To work around this problem, use the oscap command with the --tailoring-file option.


OSCAP Anaconda Addon does not install all packages in text mode

The OSCAP Anaconda Addon plugin cannot modify the list of packages selected for installation by the system installer if the installation is running in text mode. Consequently, when a security policy profile is specified using Kickstart and the installation is running in text mode, any additional packages required by the security policy are not installed during installation.

To work around this problem, either run the installation in graphical mode or specify all packages that are required by the security policy profile in the security policy in the %packages section in your Kickstart file.

As a result, packages that are required by the security policy profile are not installed during RHEL installation without one of the described workarounds, and the installed system is not compliant with the given security policy profile.


OSCAP Anaconda Addon does not correctly handle customized profiles

The OSCAP Anaconda Addon plugin does not properly handle security profiles with customizations in separate files. Consequently, the customized profile is not available in the RHEL graphical installation even when you properly specify it in the corresponding Kickstart section.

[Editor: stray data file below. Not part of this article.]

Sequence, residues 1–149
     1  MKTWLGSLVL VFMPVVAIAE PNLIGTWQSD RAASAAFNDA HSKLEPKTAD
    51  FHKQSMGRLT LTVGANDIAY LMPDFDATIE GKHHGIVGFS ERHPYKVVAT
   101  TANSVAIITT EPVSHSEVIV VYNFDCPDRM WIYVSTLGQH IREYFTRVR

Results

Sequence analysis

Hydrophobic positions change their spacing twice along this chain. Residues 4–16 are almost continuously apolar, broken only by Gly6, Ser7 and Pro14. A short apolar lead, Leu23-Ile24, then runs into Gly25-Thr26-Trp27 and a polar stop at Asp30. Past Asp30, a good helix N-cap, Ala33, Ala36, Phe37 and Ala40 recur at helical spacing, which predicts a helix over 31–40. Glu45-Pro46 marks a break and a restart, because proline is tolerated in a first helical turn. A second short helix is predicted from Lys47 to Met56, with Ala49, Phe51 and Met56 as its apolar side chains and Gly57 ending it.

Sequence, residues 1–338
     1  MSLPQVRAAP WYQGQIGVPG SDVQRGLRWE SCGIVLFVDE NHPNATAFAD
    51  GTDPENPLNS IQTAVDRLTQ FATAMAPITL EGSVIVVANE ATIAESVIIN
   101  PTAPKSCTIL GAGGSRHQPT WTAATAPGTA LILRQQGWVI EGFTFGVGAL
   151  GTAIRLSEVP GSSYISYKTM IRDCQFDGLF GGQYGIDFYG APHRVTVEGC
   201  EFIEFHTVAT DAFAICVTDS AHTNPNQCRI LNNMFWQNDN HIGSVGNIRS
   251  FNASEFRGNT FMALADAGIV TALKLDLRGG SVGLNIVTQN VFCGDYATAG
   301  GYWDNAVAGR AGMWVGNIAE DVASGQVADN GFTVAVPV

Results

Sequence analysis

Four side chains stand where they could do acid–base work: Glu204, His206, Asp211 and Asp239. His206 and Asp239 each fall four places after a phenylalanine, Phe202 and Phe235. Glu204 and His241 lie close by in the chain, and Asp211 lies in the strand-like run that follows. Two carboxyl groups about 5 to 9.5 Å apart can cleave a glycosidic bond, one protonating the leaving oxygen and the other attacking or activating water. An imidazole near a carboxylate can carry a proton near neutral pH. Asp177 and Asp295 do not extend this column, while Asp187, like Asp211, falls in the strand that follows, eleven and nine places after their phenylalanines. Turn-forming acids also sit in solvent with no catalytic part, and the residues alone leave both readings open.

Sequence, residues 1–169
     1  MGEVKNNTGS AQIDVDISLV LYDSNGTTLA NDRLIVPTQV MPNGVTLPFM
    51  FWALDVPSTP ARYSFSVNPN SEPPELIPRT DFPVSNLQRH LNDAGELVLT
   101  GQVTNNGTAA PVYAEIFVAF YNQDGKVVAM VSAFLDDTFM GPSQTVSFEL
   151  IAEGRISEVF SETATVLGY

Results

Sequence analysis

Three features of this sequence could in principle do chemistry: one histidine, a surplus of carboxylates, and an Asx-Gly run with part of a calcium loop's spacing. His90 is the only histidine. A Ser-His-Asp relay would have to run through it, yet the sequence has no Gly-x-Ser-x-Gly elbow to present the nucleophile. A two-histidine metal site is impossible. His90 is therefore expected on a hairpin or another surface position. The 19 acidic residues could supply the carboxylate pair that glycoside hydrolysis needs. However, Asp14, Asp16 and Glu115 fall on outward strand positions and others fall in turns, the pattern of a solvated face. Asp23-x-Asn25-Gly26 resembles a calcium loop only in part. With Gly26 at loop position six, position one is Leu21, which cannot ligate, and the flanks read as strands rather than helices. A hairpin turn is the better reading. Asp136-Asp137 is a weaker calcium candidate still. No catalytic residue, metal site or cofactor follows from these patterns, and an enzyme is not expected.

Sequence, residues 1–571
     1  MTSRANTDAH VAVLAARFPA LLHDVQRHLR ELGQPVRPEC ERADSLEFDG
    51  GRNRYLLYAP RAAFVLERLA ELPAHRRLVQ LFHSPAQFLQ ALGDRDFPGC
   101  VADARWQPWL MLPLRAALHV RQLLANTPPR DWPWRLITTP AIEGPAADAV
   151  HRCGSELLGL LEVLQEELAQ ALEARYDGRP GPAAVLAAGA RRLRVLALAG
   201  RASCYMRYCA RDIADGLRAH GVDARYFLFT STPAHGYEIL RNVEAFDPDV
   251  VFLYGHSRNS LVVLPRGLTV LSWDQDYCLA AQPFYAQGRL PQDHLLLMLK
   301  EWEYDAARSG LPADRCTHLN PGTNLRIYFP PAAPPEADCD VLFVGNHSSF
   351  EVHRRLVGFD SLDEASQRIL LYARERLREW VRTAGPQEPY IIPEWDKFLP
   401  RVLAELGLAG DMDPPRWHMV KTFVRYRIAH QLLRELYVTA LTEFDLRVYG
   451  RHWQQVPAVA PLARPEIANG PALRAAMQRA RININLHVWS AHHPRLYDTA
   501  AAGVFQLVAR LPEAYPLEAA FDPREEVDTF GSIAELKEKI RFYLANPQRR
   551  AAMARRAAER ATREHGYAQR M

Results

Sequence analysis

To work around this problem, follow the instructions in the Creating a single SCAP data stream from an original DS and a tailoring file Knowledgebase article. As a result of this workaround, you can use a customized SCAP profile in the RHEL graphical installation.


8.6. Networking

The formatting of the verbose output of arptables now matches the format of the utility on RHEL 7

In RHEL 8, the iptables-arptables package provides an nftables-based replacement of the arptables utility. Previously, the verbose output of arptables separated counter values only with a comma, while arptables on RHEL 7 separated the described output with both a space and a comma. As a consequence, if you used scripts created on RHEL 7 that parsed the output of the arptables -v -L command, you had to adjust these scripts. This incompatibility has been fixed. As a result, arptables on RHEL 8.1 now also separates counter values with both a space and a comma.


nftables does not support multi-dimensional IP set types

The nftables packet-filtering framework does not support set types with concatenations and intervals. Consequently, you cannot use multi-dimensional IP set types, such as hash:net,port, with nftables.